2018-CGS-29: Mains Revision-17: Secondary Sector of Economy

  • When a cash-strapped industry is finding it difficult to invest more than $10 billion a year right now, the policy talks of attracting $100 billion in another four years.
  • The policy is looking at what the government wants to sell spectrum at, not what telcos can afford—a 5G network will require the industry to invest as much as it has till date, but no one has the money to do this.
  • Goals such as the one to ensure 50% of households have access to fixed-line broadband, sound good but serve no real purpose since delivering data on mobile has proven to be far more successful.
  • It is not clear how the government will ensure right-of-way access for laying optic fibre when it has so spectacularly failed so far.
  • It is it not clear what is to be made of the promise to monitor “efficient utilization of spectrum by conducting systematic audits of the spectrum allocated to both commercial and government organizations” when MTNL and BSNL have been squatting on valuable spectrum for years and nothing was done. [Financial Express]
  •  Opportunity for Indian Exports

    The current situation provides a favourable opportunity for an exports rebound in the coming quarters. There are at least four factors that augur well.

    Dollar appreciation

    • Nomura report predicts significant potential for dollar appreciation. This has implications not only for Indo-US trade but also for India’s trade with other countries, as over 88% of Indian exports are invoiced in dollars.
    • Since most exporters set prices in rupee and invoice in dollars, the importers of Indian goods will have to pay less when the rupee weakens against the dollar, further stimulating Indian exports.

    Trade war

    • The inevitable trade war between the US and China offers another opportunity. US President Donald Trump imposed tariffs on $50 billion worth of imports from China, to which China retaliated immediately and equally. US importers from China cannot just shift this entire demand to US manufacturers as the local economy is already operating at close to full employment.
    • Moreover “reshoring” of labour-intensive assembling in the high-wage US will be too expensive. India can take advantage of the situation and further strengthen its trade ties with the US. With factory wages in China escalating to the highest in emerging Asia, India can enjoy an export boom in sectors otherwise dominated by China like electronics and apparel.

    Demand from the European Union

    • Financial crisis and PIIGS (Poland, Italy, Ireland, Greece, Spain) debt crisis broke the back of EU’s economic growth. This led to a decline in demand from EU for Indian exports. Arguably, 2017 marked the onset of growth revival in EU when it grew at 2.5%, the fastest since 2007.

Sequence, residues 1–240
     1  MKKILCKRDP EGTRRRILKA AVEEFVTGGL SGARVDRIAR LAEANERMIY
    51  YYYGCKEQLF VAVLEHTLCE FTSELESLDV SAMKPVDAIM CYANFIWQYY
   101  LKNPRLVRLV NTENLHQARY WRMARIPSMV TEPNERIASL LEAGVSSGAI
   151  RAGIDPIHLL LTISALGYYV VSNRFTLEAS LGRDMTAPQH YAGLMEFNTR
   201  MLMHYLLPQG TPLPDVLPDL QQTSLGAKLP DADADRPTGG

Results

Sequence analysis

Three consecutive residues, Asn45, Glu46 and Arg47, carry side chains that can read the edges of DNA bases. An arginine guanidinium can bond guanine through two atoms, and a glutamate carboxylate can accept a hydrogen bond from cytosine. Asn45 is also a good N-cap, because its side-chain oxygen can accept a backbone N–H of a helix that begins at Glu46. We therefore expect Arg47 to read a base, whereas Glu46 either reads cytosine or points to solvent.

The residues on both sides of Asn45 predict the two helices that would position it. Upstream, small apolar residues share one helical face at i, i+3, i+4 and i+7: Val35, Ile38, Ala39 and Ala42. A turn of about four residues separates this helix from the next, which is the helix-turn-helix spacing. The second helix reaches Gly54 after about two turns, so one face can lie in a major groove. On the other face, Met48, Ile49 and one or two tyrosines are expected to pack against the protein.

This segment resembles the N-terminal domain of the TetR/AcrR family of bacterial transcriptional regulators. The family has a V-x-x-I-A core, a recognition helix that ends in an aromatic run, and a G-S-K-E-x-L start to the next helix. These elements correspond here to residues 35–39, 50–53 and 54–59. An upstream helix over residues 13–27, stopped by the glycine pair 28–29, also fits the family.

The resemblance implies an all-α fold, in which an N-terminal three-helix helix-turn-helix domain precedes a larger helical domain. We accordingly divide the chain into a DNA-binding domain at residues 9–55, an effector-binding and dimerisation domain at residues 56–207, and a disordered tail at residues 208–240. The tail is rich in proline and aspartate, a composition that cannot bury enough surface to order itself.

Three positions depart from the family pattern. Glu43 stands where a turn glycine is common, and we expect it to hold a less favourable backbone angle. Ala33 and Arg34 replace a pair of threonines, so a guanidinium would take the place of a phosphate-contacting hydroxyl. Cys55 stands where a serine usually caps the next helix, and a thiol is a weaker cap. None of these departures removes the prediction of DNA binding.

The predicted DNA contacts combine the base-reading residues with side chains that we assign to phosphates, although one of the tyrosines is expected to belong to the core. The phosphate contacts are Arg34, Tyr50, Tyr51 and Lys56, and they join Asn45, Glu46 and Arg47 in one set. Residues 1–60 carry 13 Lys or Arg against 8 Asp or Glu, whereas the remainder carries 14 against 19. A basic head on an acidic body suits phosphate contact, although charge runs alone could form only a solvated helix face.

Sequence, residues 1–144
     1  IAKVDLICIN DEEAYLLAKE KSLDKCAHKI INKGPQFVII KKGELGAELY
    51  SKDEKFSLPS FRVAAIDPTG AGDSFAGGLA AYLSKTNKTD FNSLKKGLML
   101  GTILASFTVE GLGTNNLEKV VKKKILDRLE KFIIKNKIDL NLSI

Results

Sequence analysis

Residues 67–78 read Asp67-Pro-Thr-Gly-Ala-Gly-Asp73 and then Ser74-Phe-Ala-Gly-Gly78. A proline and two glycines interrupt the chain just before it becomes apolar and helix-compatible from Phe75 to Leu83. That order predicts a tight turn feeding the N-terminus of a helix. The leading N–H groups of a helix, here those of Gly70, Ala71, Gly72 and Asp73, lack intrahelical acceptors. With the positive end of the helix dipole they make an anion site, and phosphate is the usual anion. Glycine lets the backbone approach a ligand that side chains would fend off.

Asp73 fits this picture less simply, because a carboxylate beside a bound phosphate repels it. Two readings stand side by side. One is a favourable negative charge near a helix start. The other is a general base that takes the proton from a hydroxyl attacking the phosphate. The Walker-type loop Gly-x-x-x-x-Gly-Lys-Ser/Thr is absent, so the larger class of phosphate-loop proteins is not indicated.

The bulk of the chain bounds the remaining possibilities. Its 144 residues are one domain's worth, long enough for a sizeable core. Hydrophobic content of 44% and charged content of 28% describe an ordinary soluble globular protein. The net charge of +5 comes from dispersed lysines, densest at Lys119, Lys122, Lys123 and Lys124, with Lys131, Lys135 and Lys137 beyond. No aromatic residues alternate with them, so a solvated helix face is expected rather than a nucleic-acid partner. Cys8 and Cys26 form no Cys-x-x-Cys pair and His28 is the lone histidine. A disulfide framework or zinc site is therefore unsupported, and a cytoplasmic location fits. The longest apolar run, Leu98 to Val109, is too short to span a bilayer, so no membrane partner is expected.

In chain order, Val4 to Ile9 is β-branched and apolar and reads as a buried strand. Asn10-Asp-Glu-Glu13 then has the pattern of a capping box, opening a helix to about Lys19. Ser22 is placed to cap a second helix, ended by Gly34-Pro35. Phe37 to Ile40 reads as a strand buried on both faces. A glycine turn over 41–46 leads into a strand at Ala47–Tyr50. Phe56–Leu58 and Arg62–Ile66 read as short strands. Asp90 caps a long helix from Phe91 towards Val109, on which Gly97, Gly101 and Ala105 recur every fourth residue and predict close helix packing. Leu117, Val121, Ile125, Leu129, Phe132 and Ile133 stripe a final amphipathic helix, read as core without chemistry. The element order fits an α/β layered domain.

• The projections for 2018 remain good, according to a European Commission report. With the EU regaining the share in India’s total exports it lost between 2008-09 and 2014-15 (from 21% to 16%), the resurgence in demand from the West will act as a boon for Indian exporters.

    Diversification of China’s manufacturing sector

    • The growth in the manufacturing sector in February was at its lowest in the past 18 months due to a crackdown over pollution in major industrial provinces. Understanding the long-term limitations, China has started diversifying its trading pattern by focusing more on technology-driven sophisticated goods and developing a comparative advantage in this segment.
    • China has already become a major exporter of green tech. This is creating a vacuum in the manufactured goods export segment. Chinese micro, small and medium enterprises, riding on the back of low wages, cost of capital and an undervalued currency, have been eating India’s lunch when it comes to low-end, labour-intensive manufacturing. India should now capitalize on the opportunity.

    Reaping the benefits from these opportunities lies in improving infrastructure, easing land acquisition and boosting human capital. [Mint]

    Merging Of Dumping and Import Safeguards Bodies

    The government has amended the rules on allocation of business, shifting work pertaining to safeguard measures to the commerce ministry. The refurbished Directorate General of Trade Remedies (DGTR) will also bring safeguards (quantitative restrictions) functions of Directorate General of Foreign Trade (DGFT) into its fold.

    Impact of the move

    Merging of anti dumping and import safeguard bodies is a step towards enhancing ease of doing business because

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